I heard a rumor the other day that the Dodd-Frank Wall Street Reform and Consumer Protection Act, which was signed into law on July 21, 2010, contains information about a little something called the Whistleblower Protection Program.
Because I'm a nice person, I decided to peruse the text of this Act and find out just what was going on so I could pass the information on to you. Several hours and many traumatized brain cells later, I located the description. (I appreciate the thoroughness of Senator Dodd and Congressman Frank, but holy cow.)
Although the specific parameters are still being studied, the gist of the deal is this: The SEC is trying to make it easier (through financial motivation) for employees in the financial sector to report evidence of malfeasance and fraud in their companies.
Committee members are still deciding on what level of reward will be best. They want to entice whistleblowers but they don't want the reward to be so high that they encourage illegitimate claims. The standard of evidence of each claim is going to be very high as well and must match the violation of specific federal laws. In other words, don't expect to cash in big because you saw your boss take a stapler home for his personal use.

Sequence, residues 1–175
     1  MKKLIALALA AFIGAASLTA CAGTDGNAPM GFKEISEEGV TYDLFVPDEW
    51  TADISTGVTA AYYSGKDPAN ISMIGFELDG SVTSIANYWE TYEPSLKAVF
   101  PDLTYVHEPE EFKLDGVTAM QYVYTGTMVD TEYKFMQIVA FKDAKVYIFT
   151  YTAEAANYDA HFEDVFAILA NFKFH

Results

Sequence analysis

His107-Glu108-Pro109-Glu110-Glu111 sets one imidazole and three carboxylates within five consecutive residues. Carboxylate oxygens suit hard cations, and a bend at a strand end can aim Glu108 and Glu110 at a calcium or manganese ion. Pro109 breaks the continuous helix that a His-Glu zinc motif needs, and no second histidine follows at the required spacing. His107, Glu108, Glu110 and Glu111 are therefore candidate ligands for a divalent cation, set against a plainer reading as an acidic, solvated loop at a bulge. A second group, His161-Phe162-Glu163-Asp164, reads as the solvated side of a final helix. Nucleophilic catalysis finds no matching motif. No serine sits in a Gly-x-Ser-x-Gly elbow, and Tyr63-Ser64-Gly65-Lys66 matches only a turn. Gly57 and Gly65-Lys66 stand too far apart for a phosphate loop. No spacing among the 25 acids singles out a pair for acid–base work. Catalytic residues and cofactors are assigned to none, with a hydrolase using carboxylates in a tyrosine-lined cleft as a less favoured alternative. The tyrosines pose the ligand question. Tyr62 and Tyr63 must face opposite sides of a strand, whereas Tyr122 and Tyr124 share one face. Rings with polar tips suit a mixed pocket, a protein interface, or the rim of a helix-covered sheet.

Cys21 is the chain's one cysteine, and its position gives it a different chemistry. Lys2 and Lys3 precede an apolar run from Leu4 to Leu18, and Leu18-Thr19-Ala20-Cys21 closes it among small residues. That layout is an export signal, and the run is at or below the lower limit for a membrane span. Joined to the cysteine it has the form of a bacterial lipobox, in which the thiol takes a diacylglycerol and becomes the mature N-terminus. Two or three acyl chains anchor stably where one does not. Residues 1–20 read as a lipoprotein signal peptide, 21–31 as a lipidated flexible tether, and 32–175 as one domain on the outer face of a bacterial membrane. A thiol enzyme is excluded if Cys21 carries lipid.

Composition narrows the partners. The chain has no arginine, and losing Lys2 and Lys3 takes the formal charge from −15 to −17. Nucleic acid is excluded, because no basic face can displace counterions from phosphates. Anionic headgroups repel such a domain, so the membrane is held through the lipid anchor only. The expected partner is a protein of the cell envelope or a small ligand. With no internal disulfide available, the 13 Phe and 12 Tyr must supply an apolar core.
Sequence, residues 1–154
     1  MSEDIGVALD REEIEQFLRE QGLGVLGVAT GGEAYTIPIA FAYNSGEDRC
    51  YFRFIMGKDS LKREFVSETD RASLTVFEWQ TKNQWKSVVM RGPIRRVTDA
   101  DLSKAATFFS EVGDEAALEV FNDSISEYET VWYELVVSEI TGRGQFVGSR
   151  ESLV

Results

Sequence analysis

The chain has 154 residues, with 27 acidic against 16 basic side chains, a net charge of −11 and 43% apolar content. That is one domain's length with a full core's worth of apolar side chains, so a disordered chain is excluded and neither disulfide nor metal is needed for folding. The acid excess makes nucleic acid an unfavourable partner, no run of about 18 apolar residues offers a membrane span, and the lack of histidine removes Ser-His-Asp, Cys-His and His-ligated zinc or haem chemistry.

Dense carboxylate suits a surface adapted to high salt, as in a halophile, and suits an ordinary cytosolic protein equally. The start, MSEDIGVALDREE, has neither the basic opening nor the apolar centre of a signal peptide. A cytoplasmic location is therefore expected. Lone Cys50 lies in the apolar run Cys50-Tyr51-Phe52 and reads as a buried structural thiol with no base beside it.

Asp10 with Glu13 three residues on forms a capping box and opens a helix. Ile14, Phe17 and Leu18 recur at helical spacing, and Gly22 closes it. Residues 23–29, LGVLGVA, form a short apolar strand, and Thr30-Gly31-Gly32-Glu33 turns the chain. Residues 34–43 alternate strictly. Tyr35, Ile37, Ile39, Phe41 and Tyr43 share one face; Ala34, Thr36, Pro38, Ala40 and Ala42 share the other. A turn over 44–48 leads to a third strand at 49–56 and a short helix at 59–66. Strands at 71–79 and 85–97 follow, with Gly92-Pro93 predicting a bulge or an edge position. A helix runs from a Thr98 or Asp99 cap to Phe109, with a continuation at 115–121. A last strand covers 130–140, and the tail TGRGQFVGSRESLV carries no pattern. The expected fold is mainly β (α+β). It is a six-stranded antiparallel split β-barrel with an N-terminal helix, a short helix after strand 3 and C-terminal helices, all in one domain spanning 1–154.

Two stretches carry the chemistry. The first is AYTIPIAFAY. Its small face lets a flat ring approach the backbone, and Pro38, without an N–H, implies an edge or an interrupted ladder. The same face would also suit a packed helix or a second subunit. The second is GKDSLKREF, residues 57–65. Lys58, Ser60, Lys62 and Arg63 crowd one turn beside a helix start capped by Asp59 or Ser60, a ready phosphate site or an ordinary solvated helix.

I wonder if the architects of the new law took into consideration what effect whistleblowing has on a person's future earning potential when deciding the amount of reward. Not that you'd have to put whistleblowing on your resume, right after "in-depth knowledge of Microsoft Exchange," but if the company is big enough, your name could hit the media, ala Jeffrey Wigand, and kind of put a damper on your future employment.
So let's take an informal poll and see where you guys stand on the issue of whistleblowing:
Toni Bowers is Managing Editor of TechRepublic and is the award-winning blogger of the Career Management blog. She has edited newsletters, books, and web sites pertaining to software, IT career, and IT management issues.